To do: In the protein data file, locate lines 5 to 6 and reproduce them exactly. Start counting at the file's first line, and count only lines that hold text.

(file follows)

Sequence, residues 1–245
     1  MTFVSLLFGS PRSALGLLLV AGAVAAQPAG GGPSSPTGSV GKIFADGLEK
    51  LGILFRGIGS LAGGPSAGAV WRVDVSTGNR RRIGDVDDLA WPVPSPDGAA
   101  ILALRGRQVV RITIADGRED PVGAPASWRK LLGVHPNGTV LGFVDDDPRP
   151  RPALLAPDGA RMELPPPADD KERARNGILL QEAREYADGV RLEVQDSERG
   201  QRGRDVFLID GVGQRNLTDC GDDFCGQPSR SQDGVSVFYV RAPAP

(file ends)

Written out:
   151  RPALLAPDGA RMELPPPADD KERARNGILL QEAREYADGV RLEVQDSERG
   201  QRGRDVFLID GVGQRNLTDC GDDFCGQPSR SQDGVSVFYV RAPAP